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Yahoo! China has not been formally told that it will be sued by the international recording industry. The company told OUT-LAW that it only learned of the case through the press.

The firm also said that it wants to work with labels to create a legal music download service on its site, and that it has not broken any laws.

The International Federation of the Phonographic Industry (IFPI) said this week that it had begun legal proceedings against Yahoo! China for breach of its members' copyright. Any case will claim that Yahoo! China breaks the law by providing links to sites which contain unlicensed music for download.

But Yahoo! China has not even been told of the case. "We have read the press reports, but have not been informed of any such lawsuit being filed," Yahoo! China spokesman Bruce Shu told OUT-LAW.

The IFPI had previously said that work on the case had already begun. "IFPI is taking the preliminary steps required by Chinese law for filing a lawsuit," said a statement from the lobby group earlier this week.

"Yahoo! China has been blatantly infringing our members’ rights," IFPI chief executive John Kennedy said in that statement. "We have started the process and as far as we're concerned we're on the track to litigation. If negotiation can prevent that, so be it."

Yahoo! China says that it has not broken any laws. "What I can say in general is that Yahoo! China's current practices comply with the relevant laws," said Shu.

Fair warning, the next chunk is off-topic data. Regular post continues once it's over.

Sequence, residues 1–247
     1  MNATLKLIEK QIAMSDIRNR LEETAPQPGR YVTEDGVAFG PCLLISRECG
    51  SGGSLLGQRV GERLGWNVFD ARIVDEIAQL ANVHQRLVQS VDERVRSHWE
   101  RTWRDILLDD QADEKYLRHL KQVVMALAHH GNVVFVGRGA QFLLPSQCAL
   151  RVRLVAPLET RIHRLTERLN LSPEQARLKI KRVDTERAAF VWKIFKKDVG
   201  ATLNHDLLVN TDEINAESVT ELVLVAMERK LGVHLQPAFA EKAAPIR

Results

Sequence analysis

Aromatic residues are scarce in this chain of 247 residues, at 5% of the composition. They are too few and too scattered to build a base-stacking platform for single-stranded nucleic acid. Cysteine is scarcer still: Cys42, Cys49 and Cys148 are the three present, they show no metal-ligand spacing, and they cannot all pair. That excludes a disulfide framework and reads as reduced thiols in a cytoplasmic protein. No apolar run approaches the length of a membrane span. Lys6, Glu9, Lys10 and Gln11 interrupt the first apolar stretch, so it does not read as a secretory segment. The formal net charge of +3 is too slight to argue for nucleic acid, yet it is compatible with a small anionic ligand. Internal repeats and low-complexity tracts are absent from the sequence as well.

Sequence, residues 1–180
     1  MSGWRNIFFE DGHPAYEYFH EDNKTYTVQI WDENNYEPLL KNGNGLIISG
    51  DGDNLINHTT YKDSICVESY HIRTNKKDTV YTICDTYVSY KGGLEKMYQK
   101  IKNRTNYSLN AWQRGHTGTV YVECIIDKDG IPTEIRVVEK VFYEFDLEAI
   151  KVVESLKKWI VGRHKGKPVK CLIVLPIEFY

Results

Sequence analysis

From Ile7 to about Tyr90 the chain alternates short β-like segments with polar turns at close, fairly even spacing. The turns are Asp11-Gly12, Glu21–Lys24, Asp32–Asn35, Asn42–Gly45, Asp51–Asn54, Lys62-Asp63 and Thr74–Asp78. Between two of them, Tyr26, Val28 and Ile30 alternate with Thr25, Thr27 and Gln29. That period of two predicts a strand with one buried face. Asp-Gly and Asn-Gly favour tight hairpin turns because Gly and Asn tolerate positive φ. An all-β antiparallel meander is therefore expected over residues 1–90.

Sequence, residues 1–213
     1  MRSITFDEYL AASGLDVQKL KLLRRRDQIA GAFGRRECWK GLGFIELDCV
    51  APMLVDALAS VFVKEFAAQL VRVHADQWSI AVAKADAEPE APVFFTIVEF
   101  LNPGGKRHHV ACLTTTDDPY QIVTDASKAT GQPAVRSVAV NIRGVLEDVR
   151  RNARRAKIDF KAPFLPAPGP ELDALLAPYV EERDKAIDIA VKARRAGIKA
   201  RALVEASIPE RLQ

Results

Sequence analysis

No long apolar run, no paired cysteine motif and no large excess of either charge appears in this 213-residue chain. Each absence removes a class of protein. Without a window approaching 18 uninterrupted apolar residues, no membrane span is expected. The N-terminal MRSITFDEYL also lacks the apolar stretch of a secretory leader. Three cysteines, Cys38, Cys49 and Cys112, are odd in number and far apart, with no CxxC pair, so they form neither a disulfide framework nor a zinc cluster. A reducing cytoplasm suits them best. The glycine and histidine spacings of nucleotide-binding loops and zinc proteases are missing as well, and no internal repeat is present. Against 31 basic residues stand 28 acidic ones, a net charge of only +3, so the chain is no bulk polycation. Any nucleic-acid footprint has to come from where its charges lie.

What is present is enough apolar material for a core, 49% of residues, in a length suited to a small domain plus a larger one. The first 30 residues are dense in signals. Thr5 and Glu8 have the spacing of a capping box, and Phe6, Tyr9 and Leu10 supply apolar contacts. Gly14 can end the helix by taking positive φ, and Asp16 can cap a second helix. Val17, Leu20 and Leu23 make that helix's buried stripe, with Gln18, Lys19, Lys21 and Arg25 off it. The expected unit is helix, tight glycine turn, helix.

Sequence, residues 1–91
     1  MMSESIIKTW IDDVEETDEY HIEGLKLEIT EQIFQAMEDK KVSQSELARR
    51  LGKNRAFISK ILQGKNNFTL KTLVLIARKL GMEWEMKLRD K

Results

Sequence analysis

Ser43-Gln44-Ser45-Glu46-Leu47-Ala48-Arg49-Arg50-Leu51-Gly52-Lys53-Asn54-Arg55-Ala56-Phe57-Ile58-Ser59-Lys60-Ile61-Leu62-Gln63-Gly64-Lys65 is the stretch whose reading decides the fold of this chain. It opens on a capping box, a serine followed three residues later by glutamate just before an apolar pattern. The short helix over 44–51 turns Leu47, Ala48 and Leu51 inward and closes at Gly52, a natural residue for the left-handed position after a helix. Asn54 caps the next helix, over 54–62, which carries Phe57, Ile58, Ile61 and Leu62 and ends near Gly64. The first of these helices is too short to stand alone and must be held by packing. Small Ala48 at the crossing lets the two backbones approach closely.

The company also revealed that it is planning a legal music download service, and wants the record labels to co-operate. "The company is looking for ways to work with the major record labels to develop a licensed music download service," said Shu.

Yahoo! China is owned by Alibaba.com, China's largest e-commerce company. Yahoo! Inc signed the brand name over last year when it also bought 40 per cent of Alibaba for $1bn.

Speaking at the China International Forum on the Audio Visual Industry in Shanghai in June, IFPI's Kennedy said that 90 per cent of recordings in China infringe copyright, and that the illegal music market there is worth £216m.

The IFPI said it was Chinese copyright law which was being infringed. "Yahoo China is infringing IFPI members' rights by facilitating the streaming and downloading of copyrighted music without authorisation of the copyright holders. These are activities over which IFPI's members have exclusive rights in China and elsewhere.

"These rights are provided under the Chinese copyright law, by judicial interpretations of the law and by the State Council Regulations on the protection of right of communication over information networks," an IFPI statement said.

Copyright © 2006, OUT-LAW.com

OUT-LAW.COM is part of international law firm Pinsent Masons.

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